After lunch in Mackinaw City, we headed back to Cheboygan, re-provisioned at Walmart, and turned down Michigan’s Sunrise Shore. We stopped a few times to admire the Lake Huron’s sea green coast and watched some teenagers (girls and boys) shriek in a high pitch tone with each step as they immerged waist deep into the icy water.
Carrying on down the Sunshine Shore to the south side of Rogers City, we visited one of the world’s largest limestone quarries. The pit is three miles long and two miles wide. Just after I arrived at the overlook another car full of people arrived. I had to wait them out to find a nearby hidden geocache.
I didn’t think it would take that long given there’s not much to see in a rock pit, but three out of the four of them smoked and each of them lit up at a different time. In addition, they took Muffy for a walk. That dog got the longest walk around a ten car parking lot I’ve ever seen.
I was beginning to feel sorry for Petey. Parking lots call for a lift your leg and let’s go routine with me. I was running out of emails, texts, and posts to write while killing time, but finally they left. As the fresh air returned, I logged the cache.
Continuing south along the Sunrise Shore, we stopped in Alpena where the choppy waters of Thunder Bay are home to 80 shipwrecks. We walked around the harbor where I met the most polite three year old boy in the world. He asked if he could please pet my dog as he held up two fingers and claimed they had three dogs. When he was finished he promptly said, “thank you” without any reminders from mom! Then he got on his two wheel bike, no training wheels, and rode down the sidewalk.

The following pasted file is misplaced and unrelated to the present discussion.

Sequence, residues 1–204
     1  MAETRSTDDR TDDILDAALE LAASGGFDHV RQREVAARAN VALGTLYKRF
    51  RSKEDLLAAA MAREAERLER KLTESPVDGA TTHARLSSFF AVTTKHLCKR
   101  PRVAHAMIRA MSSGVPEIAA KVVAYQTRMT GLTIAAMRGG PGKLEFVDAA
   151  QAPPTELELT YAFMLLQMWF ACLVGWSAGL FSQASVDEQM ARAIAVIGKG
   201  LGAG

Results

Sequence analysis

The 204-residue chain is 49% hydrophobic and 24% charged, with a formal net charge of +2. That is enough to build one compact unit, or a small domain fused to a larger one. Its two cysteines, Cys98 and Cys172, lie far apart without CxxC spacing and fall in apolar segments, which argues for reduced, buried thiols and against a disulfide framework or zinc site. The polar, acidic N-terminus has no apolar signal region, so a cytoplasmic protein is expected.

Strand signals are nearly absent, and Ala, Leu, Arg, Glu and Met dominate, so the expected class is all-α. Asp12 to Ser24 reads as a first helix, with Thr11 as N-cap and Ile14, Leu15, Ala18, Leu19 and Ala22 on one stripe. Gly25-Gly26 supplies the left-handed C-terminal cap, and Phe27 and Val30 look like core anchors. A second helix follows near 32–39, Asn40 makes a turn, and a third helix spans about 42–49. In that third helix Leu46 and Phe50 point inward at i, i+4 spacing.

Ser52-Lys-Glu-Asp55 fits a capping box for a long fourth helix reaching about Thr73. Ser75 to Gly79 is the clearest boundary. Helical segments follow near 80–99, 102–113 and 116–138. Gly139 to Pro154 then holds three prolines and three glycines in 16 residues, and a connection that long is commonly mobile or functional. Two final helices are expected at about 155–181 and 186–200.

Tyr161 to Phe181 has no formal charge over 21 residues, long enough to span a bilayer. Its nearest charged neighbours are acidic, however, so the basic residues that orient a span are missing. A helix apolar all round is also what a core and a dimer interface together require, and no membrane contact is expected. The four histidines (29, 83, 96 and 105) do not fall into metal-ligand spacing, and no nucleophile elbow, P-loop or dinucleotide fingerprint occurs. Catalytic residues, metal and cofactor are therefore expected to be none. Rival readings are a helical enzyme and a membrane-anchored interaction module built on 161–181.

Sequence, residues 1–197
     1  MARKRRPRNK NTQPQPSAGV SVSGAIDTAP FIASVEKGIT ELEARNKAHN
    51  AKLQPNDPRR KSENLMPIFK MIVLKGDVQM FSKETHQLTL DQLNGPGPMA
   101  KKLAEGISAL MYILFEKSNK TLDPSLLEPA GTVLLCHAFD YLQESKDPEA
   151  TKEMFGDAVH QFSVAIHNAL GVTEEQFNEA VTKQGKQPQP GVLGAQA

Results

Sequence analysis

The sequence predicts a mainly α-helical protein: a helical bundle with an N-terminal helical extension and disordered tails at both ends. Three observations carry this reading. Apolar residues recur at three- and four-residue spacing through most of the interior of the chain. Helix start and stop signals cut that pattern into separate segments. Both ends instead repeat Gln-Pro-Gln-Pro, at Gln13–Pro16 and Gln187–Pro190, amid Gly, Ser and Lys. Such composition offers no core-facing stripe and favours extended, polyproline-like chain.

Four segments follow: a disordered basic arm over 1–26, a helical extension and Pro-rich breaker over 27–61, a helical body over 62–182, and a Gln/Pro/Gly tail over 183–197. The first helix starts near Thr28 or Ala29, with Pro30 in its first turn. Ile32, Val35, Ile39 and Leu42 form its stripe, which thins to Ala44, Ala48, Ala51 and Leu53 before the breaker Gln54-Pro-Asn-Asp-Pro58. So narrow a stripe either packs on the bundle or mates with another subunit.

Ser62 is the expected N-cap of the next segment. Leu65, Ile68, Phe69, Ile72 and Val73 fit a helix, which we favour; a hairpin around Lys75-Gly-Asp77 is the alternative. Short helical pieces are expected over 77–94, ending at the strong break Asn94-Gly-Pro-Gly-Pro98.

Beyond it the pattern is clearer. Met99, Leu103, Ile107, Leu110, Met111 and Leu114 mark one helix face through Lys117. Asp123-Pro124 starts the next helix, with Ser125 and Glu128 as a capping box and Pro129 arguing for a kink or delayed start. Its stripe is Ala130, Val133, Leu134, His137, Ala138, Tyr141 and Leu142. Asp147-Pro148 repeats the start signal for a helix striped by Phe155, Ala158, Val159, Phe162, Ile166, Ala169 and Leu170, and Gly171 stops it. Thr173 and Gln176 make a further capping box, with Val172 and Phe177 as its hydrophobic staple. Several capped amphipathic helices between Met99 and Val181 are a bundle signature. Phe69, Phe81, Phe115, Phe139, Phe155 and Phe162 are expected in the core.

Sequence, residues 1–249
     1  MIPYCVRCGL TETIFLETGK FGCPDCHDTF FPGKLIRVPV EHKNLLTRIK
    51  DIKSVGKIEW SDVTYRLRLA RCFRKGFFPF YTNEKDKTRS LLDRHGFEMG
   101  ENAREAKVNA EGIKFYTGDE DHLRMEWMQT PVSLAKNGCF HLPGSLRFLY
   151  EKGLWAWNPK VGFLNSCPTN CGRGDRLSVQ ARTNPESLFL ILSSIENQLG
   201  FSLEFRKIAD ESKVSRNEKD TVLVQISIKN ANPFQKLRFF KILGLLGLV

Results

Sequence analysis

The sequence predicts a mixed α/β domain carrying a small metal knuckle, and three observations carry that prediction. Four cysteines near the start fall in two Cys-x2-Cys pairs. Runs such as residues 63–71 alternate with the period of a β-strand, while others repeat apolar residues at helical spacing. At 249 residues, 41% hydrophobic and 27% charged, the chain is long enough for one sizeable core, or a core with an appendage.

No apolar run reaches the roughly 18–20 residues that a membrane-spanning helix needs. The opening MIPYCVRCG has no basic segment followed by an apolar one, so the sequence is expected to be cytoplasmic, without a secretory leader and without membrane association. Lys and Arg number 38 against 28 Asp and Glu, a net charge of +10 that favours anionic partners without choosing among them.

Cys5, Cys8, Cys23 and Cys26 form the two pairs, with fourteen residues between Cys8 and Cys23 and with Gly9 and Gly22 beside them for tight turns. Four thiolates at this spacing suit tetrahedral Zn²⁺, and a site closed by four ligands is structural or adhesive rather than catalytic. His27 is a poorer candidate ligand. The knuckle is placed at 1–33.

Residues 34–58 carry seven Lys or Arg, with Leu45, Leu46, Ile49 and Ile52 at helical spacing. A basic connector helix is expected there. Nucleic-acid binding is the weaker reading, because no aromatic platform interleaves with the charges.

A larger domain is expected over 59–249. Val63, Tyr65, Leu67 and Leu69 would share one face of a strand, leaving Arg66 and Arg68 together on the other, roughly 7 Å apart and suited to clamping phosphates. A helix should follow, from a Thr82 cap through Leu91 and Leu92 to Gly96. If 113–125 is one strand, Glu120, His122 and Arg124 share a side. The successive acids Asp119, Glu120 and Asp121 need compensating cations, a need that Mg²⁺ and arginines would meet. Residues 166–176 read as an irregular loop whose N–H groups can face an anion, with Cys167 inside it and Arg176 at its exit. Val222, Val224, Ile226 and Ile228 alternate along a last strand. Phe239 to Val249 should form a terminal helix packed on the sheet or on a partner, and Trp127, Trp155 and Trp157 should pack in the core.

Petey and I followed slowly behind on our way to the breakwater where we found one more cache. I passed a couple who clearly noticed the geocaching app on my iphone. When I stopped at the light post, they hollered, “Keep Going”.
I moved onto the bench. They waved and shouted, “Next Bench”. Judging from the log, their pen name was the “Trawlin’ Two”. Wow, my second time in one week to run into fellow geocachers when previously I never had!
Harrisville State Park
Nearing the evening, it was time to find a campground. I tried Negwegon State Park, but it was very remote and required reserving backcountry permits in advance. What a long three mile drive through the woods on a sandy road for nothing! Well, I did see a porcupine and managed to get a “butt shot”. Ultimately, we landed at Harrisville State Park further south on Michigan’s Sunrise Shore. To be continued…ETB
Other Articles About Michigan You May Like
- Day 219 – Upper Peninsula Drive
- Day 220 – Upper Peninsula Drive – Part 2
- Day 221 – Upper Peninsula Drive – Part 3
- Day 223 – The Scenic Sunrise Shore – Part 2
- Day 224 -Lake Michigan Tour
- Day 225 – Lake Michigan Tour – Part 2
- Rambling into Love in Ludington